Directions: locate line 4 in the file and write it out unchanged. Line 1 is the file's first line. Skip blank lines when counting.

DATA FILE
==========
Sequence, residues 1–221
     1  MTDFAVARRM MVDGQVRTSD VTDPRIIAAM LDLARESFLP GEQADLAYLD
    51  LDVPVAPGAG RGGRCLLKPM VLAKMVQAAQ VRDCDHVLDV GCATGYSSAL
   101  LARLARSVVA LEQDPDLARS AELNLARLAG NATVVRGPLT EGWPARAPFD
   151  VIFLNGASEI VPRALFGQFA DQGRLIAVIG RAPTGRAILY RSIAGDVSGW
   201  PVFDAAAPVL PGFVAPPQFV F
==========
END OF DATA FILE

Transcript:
   101  LARLARSVVA LEQDPDLARS AELNLARLAG NATVVRGPLT EGWPARAPFD